Does AMLO really believe that by “rescuing Pemex he is rescuing the nation”?
Experts have several concerns about this move in a 21st Century context. They think that by halting the privatization of Mexican oil, highlighting the golden age of energy nationalization, Mexico’s energy does not have a clear environmental, social, and governance (ESG) strategy, unlike many other oil-rich states.
This has led activists from across the country to protest for energy reform in front of the Supreme Court of Justice.
Last year, rating agency Sustainalytics gave Pemex a score of 56.7 for ESG, suggesting it presents “severe” risks in this area. It is currently placed at 253 out of 261 countries in the ranking. Experts suggest that Pemex could substantially improve its reputation in the international oil and gas space by introducing better ESG measures. But without an increase in funding or the political will, this is unlikely to happen
Mexico has faced further criticism for its poor performance in renewable energy. Over the last decade, it seemed likely that Mexico would welcome the new era of green energy as it established several solar projects in the north of the country. However, under the AMLO administration, numerous renewable energy developments have been canceled and funding for oil and gas projects, including a new $9 billion refinery, has risen.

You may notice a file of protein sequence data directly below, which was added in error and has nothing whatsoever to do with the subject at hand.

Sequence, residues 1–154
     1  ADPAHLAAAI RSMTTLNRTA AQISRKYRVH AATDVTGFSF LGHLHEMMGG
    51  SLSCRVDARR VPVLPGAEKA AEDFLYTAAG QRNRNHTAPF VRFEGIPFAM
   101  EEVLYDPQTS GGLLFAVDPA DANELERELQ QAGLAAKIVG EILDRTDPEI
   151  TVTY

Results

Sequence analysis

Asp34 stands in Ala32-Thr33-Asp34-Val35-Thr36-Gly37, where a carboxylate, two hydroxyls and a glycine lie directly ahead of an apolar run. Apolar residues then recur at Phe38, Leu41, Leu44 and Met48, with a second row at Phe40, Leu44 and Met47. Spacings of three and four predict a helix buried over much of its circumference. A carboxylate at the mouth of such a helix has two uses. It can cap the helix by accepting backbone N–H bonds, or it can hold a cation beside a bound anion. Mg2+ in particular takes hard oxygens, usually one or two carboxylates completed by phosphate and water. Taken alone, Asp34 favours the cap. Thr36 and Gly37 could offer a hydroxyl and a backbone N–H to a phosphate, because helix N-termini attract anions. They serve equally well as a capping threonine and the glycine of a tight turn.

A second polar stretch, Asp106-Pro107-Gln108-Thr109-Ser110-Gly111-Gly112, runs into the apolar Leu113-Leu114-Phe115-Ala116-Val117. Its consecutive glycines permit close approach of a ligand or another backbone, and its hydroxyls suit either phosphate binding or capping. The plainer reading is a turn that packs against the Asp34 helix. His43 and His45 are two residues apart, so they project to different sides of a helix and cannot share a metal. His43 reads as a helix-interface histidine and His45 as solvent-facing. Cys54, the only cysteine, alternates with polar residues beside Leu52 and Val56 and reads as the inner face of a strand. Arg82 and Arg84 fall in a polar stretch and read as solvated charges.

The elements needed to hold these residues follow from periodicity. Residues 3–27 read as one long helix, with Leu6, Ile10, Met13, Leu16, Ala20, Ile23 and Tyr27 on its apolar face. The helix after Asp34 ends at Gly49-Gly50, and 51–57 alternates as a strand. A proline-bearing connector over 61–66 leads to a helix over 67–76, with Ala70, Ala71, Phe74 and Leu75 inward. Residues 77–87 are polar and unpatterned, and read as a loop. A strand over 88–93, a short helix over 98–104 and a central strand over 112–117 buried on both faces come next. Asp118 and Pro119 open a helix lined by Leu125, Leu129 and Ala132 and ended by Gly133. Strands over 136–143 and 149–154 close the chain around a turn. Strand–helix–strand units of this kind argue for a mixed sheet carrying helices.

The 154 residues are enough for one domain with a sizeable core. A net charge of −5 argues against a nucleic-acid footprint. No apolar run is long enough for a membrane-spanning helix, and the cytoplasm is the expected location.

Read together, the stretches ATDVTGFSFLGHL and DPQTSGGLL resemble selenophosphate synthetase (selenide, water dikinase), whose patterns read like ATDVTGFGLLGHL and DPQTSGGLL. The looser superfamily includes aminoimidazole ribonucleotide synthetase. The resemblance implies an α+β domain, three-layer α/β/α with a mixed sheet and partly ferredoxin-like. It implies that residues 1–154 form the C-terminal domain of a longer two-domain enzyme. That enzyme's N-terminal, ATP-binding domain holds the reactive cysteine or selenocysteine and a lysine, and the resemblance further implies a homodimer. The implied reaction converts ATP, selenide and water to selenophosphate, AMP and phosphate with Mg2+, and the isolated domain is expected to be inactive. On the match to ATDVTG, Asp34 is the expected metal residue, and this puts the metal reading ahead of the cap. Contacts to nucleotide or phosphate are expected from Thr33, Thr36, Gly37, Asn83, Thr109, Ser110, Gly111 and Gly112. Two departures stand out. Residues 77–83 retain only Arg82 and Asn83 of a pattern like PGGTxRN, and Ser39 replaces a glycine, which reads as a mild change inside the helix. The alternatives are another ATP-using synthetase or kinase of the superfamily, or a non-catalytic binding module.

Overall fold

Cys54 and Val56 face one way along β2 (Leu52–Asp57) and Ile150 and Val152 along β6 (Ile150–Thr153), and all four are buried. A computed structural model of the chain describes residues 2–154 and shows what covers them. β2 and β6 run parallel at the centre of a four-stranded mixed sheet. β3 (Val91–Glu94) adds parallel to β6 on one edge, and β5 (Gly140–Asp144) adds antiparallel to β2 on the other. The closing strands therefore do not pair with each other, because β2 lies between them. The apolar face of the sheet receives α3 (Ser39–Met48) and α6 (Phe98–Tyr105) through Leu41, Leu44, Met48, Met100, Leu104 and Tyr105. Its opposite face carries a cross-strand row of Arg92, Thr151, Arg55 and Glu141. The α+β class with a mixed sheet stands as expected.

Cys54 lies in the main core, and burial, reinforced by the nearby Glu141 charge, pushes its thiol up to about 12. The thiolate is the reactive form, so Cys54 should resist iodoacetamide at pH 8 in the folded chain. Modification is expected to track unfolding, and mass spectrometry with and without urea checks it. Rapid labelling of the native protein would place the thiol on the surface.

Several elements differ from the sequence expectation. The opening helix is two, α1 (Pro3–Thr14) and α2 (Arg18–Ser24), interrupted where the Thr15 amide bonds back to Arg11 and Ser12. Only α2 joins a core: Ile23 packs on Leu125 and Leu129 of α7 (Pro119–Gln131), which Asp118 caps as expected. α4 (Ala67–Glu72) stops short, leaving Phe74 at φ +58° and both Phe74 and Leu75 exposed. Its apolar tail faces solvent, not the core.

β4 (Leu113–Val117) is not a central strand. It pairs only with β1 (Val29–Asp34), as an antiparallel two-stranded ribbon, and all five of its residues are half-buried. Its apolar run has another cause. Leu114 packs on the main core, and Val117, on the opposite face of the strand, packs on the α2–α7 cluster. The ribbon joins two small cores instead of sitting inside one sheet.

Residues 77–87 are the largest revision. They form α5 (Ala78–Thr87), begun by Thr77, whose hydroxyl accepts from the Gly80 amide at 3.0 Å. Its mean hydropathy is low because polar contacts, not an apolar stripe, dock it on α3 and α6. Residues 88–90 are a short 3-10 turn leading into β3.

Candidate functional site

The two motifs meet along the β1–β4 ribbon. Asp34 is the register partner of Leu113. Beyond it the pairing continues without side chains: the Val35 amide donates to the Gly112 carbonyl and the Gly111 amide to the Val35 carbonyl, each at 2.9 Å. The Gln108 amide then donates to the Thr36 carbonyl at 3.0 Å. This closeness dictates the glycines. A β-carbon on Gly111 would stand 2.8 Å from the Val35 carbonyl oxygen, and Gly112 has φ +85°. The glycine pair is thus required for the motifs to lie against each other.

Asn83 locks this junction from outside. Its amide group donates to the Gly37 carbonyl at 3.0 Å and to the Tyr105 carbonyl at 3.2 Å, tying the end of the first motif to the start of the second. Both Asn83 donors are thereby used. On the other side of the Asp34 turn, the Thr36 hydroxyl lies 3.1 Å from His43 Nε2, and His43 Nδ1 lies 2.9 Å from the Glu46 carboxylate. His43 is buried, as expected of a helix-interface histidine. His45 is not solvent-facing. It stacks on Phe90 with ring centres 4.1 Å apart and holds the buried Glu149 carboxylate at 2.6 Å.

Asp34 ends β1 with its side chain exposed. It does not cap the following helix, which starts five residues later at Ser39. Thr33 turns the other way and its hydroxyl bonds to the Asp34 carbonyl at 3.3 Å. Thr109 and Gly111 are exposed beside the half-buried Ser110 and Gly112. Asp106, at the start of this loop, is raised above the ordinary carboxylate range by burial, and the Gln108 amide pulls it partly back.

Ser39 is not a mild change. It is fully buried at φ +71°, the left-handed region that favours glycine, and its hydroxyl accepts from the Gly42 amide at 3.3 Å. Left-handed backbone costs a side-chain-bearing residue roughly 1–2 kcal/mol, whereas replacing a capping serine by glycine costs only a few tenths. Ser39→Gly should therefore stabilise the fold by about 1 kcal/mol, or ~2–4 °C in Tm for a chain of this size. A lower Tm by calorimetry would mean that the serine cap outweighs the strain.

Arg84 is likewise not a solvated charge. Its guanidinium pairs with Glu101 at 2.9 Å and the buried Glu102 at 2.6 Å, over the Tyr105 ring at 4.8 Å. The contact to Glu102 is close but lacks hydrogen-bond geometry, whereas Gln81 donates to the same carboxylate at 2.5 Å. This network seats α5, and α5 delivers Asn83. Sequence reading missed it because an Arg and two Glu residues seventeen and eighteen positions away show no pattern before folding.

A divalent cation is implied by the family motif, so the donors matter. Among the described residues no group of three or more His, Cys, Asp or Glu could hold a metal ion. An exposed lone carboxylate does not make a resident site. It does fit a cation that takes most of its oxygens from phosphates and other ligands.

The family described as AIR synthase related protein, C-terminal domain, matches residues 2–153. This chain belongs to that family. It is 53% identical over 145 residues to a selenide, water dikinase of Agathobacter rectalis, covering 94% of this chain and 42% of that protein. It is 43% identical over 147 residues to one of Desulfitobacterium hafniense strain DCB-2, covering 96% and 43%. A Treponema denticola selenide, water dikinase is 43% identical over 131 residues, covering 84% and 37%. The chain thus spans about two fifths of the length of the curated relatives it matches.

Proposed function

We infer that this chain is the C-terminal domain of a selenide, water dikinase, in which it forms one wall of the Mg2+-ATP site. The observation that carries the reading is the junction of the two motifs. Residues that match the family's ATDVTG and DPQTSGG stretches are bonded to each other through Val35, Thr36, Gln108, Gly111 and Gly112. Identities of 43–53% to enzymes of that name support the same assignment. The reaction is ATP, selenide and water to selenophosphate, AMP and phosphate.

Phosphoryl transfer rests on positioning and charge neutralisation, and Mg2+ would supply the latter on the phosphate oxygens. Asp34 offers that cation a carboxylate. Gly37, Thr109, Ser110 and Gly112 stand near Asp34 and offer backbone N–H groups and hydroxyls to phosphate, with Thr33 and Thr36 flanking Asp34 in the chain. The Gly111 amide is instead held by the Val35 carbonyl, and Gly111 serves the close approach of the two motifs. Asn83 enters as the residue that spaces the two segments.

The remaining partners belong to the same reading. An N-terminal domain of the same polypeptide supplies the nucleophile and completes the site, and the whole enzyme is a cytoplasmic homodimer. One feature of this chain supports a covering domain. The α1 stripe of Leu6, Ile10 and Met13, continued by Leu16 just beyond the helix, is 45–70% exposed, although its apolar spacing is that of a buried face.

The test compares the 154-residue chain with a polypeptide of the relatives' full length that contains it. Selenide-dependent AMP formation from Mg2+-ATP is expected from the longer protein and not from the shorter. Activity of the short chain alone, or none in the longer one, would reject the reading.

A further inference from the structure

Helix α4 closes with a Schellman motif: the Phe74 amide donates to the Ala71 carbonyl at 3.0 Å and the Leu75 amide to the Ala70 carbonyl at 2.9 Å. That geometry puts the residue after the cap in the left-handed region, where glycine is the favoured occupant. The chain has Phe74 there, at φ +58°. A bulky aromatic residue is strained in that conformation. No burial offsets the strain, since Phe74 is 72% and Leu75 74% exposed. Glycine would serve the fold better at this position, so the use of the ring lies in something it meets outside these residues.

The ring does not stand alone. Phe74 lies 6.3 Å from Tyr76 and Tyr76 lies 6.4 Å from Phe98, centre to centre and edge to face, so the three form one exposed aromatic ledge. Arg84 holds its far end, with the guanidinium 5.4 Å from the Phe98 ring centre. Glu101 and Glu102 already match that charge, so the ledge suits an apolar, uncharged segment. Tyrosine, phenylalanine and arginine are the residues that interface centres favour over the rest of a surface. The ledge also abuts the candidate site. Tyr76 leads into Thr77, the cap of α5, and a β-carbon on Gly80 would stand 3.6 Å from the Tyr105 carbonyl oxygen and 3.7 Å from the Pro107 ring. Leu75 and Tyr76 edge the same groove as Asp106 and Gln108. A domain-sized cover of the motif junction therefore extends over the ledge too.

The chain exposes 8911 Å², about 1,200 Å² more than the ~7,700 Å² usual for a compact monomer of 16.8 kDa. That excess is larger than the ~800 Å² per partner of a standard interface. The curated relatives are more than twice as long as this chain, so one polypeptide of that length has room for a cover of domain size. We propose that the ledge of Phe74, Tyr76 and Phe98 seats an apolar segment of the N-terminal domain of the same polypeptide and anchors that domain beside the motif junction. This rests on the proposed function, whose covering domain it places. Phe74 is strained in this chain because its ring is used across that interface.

In 2021, the government introduced legislation that required the energy grid to use power provided by state-run facilities, mainly coming from crude oil and coal sources. This has sent many workers back into coal projects that were previously abandoned. AMLO believes that years of privatization led several foreign companies to exploit Mexico’s resources and take funds out of the country. His push for nationalization aims to rectify this situation.
But many renewable energy firms and climate activists are staunchly against the return to fossil fuels, highlighting the favorable weather conditions Mexico has, needed to produce green energy and the successful development of several existing renewable projects. In fact, until recently, Mexico was seen as one of the global leaders in the combat of climate change. It adopted climate legislation in 2012 and quickly agreed to the Paris Agreement’s aim of lowering emissions.
While Mexico has the natural resources to significantly develop both its fossil fuel and renewable energy industries, the lack of funding and the drive to nationalize has meant that state-owned Pemex has been performing poorly both in terms of output and in its environmental practices. Meanwhile, Mexico appears to be going back on its climate promises by halting green energy projects and reopening the doors to its coal mines.
Source: El Financiero